Easter is a really big deal here, I think not so much as a religious holiday as because it’s the occasion for a big feast. I was told Bonnes Paques, Happy Easter, at least a dozen times today as I ran all over town, making my way through my grocery list. I tried to do a lot of my shopping yesterday, to avoid the foule pas possible, the crowd that’s just incredible, that I knew would be swamping the food shops and the stalls in today’s market, but no, there I was, along with thousands of other future feasters, stuffing my shopping basket with springtime delicacies.
Yesterday I did manage to get the lamb, which is absolument obligatoire here for Easter dinner, and fortunately I got both a shoulder and a leg, unable to decide between two recipes, plus kilos of asparagus, which although abundant at that moment might have sold out by 10:00 this morning. I’m pretty sure that every table in this part of France will feature lamb and asparagus tomorrow, and so will ours. We’ll be six for dinner, three French friends from here, and a German friend that we haven’t met yet, who’s driving 900 kilometers down from Mannheim to be with us. That would be the most special thing ever, if it weren’t for the fact that’s he’s already saved Shel’s life once, which tops anything that can be said about Easter dinner and how far we’re willing to drive for it.
By a cruel twist of fate I woke up this morning with a killer cold and not much voice, necessitating a lot of croaking and wheezing as I did my shopping, not to mention countless handwashings as I made the asparagus soup, stuffed the squash blossoms, pitted the olives, and all the painstaking tasks that involve touching the food of people I’d rather not infect. I made Mario Batali’s Lamb Shoulder Braised in Milk, which, as I feared, although delicious, is not presentable on such an occasion. No worries, into the freezer it went, and the leg of lamb will save the day.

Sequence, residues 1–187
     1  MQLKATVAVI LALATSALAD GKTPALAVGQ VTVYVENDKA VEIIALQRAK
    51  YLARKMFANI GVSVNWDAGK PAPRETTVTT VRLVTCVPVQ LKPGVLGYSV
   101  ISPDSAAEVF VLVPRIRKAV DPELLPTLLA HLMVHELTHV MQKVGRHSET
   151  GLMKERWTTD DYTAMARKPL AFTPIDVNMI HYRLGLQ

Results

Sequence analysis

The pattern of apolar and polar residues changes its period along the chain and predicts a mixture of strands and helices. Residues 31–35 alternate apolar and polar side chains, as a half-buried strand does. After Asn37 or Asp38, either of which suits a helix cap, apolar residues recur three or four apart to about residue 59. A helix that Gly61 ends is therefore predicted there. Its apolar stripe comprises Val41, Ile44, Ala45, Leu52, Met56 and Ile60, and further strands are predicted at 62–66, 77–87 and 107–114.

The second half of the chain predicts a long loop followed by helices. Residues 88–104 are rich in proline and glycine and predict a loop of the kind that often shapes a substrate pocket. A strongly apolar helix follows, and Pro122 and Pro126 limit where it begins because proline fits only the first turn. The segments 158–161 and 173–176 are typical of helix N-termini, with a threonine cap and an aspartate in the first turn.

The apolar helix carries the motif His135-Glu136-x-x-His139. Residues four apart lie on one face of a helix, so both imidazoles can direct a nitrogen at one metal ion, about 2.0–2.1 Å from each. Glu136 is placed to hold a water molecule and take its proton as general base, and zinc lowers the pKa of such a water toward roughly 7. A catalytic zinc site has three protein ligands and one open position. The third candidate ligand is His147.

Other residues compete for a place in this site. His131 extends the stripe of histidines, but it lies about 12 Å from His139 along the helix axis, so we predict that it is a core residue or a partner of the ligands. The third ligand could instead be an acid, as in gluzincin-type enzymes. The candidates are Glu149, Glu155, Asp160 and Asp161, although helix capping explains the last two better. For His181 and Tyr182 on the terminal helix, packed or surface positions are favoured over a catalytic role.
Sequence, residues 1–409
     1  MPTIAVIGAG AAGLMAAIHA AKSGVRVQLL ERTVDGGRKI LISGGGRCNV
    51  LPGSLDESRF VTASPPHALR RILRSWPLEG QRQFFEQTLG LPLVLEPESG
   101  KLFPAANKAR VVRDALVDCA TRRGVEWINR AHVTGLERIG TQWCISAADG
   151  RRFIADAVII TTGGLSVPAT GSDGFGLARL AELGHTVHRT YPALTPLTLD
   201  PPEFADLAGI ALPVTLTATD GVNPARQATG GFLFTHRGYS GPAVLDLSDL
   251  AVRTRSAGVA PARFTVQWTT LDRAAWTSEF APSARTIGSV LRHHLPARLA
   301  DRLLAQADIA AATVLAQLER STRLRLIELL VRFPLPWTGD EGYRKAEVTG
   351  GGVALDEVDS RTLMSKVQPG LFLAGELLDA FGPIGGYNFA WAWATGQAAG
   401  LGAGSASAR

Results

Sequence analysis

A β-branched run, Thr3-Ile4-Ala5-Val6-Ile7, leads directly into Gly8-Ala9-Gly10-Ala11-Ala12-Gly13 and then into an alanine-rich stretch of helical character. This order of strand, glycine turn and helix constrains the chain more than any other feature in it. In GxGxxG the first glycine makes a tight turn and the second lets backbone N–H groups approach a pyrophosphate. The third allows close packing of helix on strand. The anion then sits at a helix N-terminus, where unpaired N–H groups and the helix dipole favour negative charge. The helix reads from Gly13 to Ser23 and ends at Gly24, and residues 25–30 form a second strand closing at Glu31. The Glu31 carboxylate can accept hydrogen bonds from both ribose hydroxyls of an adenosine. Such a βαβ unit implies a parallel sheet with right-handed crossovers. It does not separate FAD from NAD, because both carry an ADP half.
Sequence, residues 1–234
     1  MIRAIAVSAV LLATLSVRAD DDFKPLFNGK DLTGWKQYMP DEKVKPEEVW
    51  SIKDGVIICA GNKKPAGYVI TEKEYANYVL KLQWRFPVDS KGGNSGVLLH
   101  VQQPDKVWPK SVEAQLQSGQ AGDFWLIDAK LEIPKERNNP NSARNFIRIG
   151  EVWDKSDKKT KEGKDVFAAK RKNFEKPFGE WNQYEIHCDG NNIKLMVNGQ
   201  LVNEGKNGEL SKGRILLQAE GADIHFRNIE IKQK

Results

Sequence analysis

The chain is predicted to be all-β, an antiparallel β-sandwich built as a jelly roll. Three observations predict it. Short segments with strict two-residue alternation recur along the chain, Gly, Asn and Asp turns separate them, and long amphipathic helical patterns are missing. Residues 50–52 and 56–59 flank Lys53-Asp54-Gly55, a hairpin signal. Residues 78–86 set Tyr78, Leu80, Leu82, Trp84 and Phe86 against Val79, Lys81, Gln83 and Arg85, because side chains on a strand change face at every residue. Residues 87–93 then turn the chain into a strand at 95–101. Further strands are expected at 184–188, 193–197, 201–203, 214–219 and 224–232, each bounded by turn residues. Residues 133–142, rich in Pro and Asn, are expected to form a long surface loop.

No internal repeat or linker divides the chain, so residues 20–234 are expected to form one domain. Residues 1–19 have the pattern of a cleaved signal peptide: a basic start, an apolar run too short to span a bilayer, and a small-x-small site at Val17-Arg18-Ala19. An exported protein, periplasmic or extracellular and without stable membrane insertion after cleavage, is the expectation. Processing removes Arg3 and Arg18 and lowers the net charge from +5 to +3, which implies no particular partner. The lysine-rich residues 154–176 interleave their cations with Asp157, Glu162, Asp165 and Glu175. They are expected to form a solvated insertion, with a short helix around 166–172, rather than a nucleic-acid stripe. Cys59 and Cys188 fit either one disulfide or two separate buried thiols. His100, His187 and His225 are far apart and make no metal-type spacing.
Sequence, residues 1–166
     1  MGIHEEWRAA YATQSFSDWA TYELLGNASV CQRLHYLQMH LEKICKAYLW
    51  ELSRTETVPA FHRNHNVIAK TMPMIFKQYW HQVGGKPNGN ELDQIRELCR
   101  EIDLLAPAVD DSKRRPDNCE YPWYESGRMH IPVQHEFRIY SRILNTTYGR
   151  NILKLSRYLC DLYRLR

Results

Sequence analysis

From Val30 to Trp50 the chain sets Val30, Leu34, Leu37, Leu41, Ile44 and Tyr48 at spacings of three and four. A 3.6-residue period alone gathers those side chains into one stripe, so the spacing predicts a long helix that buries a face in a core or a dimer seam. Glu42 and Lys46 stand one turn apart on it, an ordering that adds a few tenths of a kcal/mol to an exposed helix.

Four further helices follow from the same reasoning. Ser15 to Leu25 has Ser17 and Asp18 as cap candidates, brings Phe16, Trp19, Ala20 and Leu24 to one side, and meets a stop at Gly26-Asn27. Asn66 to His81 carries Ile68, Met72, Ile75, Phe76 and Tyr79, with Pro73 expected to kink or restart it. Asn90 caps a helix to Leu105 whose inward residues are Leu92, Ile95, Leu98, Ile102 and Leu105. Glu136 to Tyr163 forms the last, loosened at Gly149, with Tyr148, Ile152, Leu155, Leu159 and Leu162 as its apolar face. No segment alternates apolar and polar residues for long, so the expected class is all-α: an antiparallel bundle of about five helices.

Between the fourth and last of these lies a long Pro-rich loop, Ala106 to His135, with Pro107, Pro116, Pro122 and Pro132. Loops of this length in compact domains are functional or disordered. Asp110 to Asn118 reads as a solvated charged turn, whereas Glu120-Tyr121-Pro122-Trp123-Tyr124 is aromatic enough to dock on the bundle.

Wanting some Easter candy to decorate the table, we went first to one supermarket whose shelves were absolutely denuded. “Oh putain, il n’y a rien!” I heard one guy say to his wife, a vulgar but heartfelt way to say that his kids were going to be out of luck on the candy front. Shel went off to the other supermarket while I cooked, and although he did come back with some colored eggs and even some chocolate ones, he reported a fight between two women over the last chocolate bell in the store, a fight that engendered intervention from the store’s ever-present security officer. Because, you see, in France it’s not the bunny who brings the candy to kids, it’s bells. Yes indeed, on Easter Eve the bells leave the church towers and fly off to Rome, from whence they return laden with candy. Don’t ask me, I’m just reporting this, so you can understand how an Easter without a chocolate bell might be disastrous enough to bring two frazzled women to blows.
So now I’m going to stuff myself full of French cold medicine and hit the hay, hoping that in the morning I’ll be able to taste, and will have all the energy needed to cook and decorate all day. And hoping that it won’t rain tomorrow, as it did today. And wishing bonne route to Wolfgang, and peace and joy to all of you, whether you are feasting tomorrow or not. To sleep, perchance to dream of bells, winging swiftly south and east, Rome-ward, soon to return and shower us all with chocolate and cheer. Bonnes Paques to all, and to all a good night.At Home In France comment below, or link to this permanent URL from your own site.